33. As a Member Function functions that overload binary operators, written as member functions, take one parameter, the right-hand operand. the result of adding two Length objects ought to be a Length object. Length Length::operator+ (const Length& rh) { Length tLen; tLen.inches = inches + rh.inches; return tLen; } this value comes from the calling, or implicit object, the left-hand operand.

  34. for a, b, and c all Length objects … operator a = b + c; b. operator+ (c); The compiler generates the function invocation … right-hand operand left-hand operand

  35. the operator+ function is called to evaluate the right hand side of the equation. Nameless Temporary Objects In the evaluation of the expression a = b + c; finally the assignment is done. By default, each data member of the nto is copied into the corresponding data member of the object a. a Length object is returned on the stack. This object has no name, and is oftentimes called a nameless temporary object (nto). after completing the assignment, the nto is removed from the stack and no longer exists.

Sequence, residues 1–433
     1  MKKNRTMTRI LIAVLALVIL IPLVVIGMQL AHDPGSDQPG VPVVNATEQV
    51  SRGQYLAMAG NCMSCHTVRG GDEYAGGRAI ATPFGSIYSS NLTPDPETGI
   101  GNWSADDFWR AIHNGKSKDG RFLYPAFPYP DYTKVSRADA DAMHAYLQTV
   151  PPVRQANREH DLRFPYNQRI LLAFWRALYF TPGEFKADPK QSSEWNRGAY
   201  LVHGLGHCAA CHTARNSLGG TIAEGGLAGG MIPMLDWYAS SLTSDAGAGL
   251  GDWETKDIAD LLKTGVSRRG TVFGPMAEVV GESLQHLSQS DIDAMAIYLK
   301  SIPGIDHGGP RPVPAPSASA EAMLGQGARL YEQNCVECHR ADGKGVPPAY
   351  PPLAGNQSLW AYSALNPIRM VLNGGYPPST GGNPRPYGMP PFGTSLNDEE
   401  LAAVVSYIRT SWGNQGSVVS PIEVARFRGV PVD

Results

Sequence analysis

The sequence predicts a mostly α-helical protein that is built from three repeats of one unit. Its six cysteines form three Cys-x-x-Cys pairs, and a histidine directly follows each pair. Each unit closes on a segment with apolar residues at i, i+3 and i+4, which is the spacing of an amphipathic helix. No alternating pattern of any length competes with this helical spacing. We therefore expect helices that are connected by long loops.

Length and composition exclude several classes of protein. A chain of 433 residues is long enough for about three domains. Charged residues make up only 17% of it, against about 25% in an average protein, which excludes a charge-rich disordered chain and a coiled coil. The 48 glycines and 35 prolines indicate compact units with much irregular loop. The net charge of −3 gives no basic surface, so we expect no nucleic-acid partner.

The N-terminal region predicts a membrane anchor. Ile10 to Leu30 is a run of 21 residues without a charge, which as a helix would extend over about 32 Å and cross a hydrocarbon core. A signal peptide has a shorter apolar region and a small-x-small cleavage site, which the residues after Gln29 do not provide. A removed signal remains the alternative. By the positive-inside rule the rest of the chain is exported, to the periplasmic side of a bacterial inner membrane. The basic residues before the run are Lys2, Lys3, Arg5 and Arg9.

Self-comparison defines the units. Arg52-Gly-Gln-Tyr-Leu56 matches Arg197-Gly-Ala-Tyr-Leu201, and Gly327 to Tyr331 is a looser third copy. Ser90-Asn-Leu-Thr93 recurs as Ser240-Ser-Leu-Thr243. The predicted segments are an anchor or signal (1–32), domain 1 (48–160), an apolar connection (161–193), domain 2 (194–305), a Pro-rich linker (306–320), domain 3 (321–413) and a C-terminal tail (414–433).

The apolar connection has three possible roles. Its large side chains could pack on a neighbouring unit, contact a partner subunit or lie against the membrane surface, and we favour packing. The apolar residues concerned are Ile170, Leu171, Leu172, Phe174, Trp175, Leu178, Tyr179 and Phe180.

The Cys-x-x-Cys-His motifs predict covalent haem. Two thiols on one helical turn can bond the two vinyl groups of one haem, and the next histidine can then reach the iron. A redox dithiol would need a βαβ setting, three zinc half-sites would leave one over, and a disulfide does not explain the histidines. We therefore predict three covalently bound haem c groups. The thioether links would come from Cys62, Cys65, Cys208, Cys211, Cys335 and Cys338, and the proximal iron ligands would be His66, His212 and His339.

36. Commutative Operators + is a commutative operator. That is, b + c; is the same as c + b;

  37. But what if one operand is a basic data type, for example, an integer. This probably makes sense, since, for example, we can think of adding an integer, like 5, to a Length. To make the operator commutative, we should be able to write Length c = myLength +5; as well as Length c = 5 + myLength; but … how do we write the function in this case?

  38. Rule of thumb: If the piece of data that you would normally send the message to (the left-hand operand) is a basic data type, then you have to overload the operator by writing a non-member function!

  39. As a Non-member Function! functions that overload binary operators take two operands when written as a non- member function. Length operator+ ( int lh, const Length& rh) { Length tLength; tLength.inches = lh + rh.inches; return tLength; }

  40. Overloading << and >> << and >> are binary operators where the left-hand operator is always of a different class than the one for which we are overloading the operator. For example, cout << myLength; so .. we must write these as non-member functions.